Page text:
Anybody who's been in law firm marketing listens when Mark Beese speaks. He's the pioneering "marketing guy" for 415-lawyer Holland and Hart, the 800-pound gorilla law firm in the Rocky Mountain West, for the last seven years. He's a well-known speaker, blogger and writer.
As the newest columnist for Originate! -- the business development newsletter -- he offers a parable on building relationship for business development.
He had a reputation for weird marketing ideas, and my brief experience with him confirmed my initial reservations. Once, he burst – as far as a middle-aged tax attorney can burst – into my office to pitch a grandiose, high-cost, time-intensive marketing scheme. It took me a week to talk him out of it.
Either because or in spite of his non-traditional ideas, he was the top rainmaker in the firm, one of the highest compensated lawyers. He was a tax attorney that specialized in helping individuals get out of sticky state tax situations. Some of the wealthiest people on the planet called him for help. But he was not charismatic. His attention to detail, lock-tight memory and creative approach to marketing and the law set him apart from others.
I was a new marketing director and found myself visiting our Manhattan office along with Mr. Tax Attorney. We dined together in a small, dark Irish pub down the street from our office. I asked him his secret to developing new business. Here is his story:
“When I was a young associate – maybe my second or third year – I made a list of people I thought someday would be successful, and consequently, need legal assistance in some way. The people on the list came from a variety of sources – college acquaintances, family friends, and friends of friends. Some people on the list I didn’t know yet, but wanted to meet. Most of them were within five or ten years of my age. All were promising in some way, but most had not yet ‘made it big’. My first list had 40 people on it.
“My goal was to develop a relationship with each person so that when he or she needed a lawyer, I would be the first person they called. If it was a tax matter, that would be great and I’d have a new client. If not, I’d be able to refer them to someone in the firm; then I’d develop a reputation as being an internal referral source. I’d later seek reciprocal referrals and introductions from those I referred to.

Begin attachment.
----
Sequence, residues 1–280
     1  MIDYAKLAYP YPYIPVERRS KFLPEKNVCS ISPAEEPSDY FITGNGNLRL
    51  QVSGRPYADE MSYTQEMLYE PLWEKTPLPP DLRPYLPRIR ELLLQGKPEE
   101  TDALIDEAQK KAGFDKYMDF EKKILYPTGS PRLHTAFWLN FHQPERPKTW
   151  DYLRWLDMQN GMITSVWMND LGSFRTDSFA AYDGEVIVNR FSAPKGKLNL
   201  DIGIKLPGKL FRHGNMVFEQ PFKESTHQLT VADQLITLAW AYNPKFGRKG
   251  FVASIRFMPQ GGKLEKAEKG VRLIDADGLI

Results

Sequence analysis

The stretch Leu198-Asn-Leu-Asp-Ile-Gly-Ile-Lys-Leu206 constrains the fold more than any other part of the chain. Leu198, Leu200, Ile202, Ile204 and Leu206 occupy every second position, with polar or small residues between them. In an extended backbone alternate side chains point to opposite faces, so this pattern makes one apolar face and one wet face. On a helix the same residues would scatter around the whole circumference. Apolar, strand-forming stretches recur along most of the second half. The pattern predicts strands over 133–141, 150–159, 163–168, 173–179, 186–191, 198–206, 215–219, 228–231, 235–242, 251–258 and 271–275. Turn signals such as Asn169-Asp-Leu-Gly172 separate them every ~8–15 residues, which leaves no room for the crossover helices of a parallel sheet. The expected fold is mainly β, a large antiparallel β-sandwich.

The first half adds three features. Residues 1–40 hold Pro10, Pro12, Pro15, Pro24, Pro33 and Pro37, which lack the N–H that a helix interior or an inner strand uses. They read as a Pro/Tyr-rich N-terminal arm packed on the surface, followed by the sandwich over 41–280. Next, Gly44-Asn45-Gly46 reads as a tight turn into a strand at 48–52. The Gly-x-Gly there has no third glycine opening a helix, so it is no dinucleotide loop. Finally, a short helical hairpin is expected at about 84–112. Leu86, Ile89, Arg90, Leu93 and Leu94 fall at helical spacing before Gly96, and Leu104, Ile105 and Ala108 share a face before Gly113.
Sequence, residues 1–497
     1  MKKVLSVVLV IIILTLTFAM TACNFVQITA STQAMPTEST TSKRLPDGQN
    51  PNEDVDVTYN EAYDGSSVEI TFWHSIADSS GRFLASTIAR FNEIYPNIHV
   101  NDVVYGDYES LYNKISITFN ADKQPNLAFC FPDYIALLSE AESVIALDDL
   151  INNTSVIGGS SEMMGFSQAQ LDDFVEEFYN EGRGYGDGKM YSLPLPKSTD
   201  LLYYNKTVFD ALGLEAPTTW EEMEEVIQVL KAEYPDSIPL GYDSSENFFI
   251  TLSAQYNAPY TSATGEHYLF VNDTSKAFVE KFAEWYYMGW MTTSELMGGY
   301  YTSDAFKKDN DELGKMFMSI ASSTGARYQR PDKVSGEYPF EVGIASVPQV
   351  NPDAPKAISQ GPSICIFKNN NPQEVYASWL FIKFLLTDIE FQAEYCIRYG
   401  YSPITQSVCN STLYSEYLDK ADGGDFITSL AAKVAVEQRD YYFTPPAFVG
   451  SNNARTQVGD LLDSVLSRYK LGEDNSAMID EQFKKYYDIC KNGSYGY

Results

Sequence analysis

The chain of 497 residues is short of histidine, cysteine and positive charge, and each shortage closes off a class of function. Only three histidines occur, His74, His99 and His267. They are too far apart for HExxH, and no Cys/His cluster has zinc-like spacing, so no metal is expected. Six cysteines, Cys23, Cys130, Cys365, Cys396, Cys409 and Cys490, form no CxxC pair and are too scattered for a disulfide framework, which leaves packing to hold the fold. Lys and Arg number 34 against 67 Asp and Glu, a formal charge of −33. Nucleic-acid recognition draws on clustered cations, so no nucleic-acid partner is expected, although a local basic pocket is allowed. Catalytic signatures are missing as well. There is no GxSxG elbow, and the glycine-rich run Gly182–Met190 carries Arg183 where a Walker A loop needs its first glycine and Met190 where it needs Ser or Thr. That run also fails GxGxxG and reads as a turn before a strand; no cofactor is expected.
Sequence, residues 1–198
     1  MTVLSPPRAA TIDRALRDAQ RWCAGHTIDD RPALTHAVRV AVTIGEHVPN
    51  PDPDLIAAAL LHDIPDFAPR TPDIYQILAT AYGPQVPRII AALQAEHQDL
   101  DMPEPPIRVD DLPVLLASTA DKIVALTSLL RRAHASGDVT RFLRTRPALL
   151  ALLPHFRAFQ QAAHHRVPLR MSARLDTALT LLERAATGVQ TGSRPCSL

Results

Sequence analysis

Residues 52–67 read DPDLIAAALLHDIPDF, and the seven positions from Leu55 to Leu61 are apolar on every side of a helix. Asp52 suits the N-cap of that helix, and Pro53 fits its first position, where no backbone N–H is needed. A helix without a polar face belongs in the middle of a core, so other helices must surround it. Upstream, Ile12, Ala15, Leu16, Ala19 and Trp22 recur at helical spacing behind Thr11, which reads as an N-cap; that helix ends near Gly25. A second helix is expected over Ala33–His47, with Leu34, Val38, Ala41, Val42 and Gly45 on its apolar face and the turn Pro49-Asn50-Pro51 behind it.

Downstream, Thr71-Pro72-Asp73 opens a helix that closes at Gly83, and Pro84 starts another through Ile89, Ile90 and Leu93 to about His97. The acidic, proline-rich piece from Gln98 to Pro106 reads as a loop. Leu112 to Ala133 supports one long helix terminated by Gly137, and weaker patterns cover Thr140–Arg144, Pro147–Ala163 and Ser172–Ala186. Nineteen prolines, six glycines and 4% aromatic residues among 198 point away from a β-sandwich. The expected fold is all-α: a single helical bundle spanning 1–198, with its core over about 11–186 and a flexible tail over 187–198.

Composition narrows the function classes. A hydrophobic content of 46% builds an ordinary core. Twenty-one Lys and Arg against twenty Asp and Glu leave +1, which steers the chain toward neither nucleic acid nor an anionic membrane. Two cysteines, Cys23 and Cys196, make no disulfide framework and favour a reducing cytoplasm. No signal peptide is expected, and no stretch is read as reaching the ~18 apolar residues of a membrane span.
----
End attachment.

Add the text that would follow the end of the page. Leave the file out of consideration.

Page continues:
“I intentionally built relationships with my group of 40. I took them out to dinner or lunch, and to sporting or cultural events, depending on their interest. Sometimes I enlisted my wife or kids if I knew that they had something in common with my guests. As I got to know these 40 better, I kept track of their interests. One accountant on the list, who eventually became the State Tax Commissioner, had a penchant for shopping for antique firearms. I have no such fascination with guns, but he did. So, every autumn he and his wife and me and mine would meet up for a day’s drive through the country going from one antique store to another shopping for guns.
“Over time, the list grew from 40 to more than a hundred; my notes on their interests, family background and professional accomplishments grew too. I found I had an uncanny ability to spot potential, because many, not all, of my prospects developed into successful – and wealthy – business leaders, government officials and referral sources. Many have become good friends along the way, not to mention clients. Most of my clients today were either on my list of 40, were referred from them, or came from people I met through that initial list.”
At this point he paused to tell me about some of his successful clients.
To read the rest of this article, please visit Originate! at www.pbdi.org/Originate